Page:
"Signor da Parma, in time, you may even discover yourself through one such costume."
"You mean, lose myself," I mocked, reaching for the wine pitcher.
"Oh no. I mean that the costume will liberate you, edge you closer to the reality of your being."
Esteban has known all along. "Oh, I have known men like you, Antonio da Parma," he says, as he compares Antonio to the many pilgrims he has taken on his ship to the Levant.
Janus the God of Beginnings
For the Romans, Janus was also the God of beginnings, lending his name to the month of January. It is in January, on the 1st day of the month, that Antonio visits the young genius, Leon Battista Alberti who reveals to him, through his brilliant deciphering, the secret of The Council of Ten. Enlightened by this new knowledge, Antonio, who was already beginning to be wary of the Council, undergoes a rapid transformation. Inasmuch as January is the month of Janus, it is the month in which Antonio's agency into the Cult of Diana is catalysed.
Janus and Jana as one entity
In a more ancient Etruscan tradition, Janus/Jana existed not as two entities but as one and the same, an androgynous being, with qualities both masculine and feminine.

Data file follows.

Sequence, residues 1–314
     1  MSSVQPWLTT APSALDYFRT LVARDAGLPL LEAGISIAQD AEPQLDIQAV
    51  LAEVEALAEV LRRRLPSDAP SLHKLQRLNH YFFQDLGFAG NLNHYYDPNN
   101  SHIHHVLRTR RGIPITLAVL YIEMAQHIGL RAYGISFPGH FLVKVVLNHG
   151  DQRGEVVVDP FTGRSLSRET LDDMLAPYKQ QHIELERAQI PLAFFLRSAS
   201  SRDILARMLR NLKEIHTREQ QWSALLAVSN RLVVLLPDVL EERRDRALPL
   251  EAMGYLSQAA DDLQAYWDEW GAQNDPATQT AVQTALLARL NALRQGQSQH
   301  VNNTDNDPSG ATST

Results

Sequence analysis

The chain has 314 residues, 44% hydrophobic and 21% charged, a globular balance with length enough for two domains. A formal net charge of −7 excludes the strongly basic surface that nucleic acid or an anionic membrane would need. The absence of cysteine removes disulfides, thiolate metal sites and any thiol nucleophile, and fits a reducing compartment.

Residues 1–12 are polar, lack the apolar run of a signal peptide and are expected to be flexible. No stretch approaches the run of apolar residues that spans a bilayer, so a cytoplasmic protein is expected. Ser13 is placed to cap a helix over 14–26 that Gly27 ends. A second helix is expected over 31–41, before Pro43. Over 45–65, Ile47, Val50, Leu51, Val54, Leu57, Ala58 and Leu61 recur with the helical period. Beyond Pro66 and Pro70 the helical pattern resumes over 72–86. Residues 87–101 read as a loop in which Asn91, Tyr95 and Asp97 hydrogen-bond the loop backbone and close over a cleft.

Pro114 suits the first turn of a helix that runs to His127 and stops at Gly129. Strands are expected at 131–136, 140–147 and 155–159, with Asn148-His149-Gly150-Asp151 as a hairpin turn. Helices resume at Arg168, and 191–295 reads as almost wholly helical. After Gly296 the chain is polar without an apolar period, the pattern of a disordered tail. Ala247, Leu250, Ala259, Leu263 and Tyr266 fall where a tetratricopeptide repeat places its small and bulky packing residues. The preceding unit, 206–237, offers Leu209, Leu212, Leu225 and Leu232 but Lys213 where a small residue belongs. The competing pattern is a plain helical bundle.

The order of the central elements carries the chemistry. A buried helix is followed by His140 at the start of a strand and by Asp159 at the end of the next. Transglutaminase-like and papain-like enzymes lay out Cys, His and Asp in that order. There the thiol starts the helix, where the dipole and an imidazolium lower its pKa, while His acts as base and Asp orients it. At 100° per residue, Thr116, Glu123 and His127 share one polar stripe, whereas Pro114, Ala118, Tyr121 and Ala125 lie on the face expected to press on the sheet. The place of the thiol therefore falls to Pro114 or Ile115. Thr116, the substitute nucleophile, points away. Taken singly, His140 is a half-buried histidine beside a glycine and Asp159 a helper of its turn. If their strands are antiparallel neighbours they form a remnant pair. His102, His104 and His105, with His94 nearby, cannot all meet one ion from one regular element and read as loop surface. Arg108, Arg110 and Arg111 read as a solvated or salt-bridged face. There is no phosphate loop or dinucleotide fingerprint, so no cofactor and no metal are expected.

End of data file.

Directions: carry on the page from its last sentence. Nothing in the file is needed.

In The Mascherari there are allusions to this representation of Janus/Jana. One of these is Antonio's sexuality which raises eyebrows on two occasions.
In the first occasion, when Antonio finds himself judged by a prostitute, he makes an interesting reflection. He writes:
"She saw through me, saw that I had not been with a woman since my wife died. But she is mistaken in her summation of me."
Could Antonio not be attracted to women then? On the contrary, shortly after his visit to the carampane district, Antonio has an intense carnal dream involving the prostitute which leaves no doubts as to his interest in women.
And yet later, when he meets another equally astute prostitute, she remarks, "You are an admirer of Esteban, I can see it. He is so handsome, isn't he?"
There is without a doubt a duality in Antonio's sexuality, one that does not go unseen.
But Antonio, as we shall see, is only one half of a whole being. He is the half that will only be complete once he meets the witch, Elena.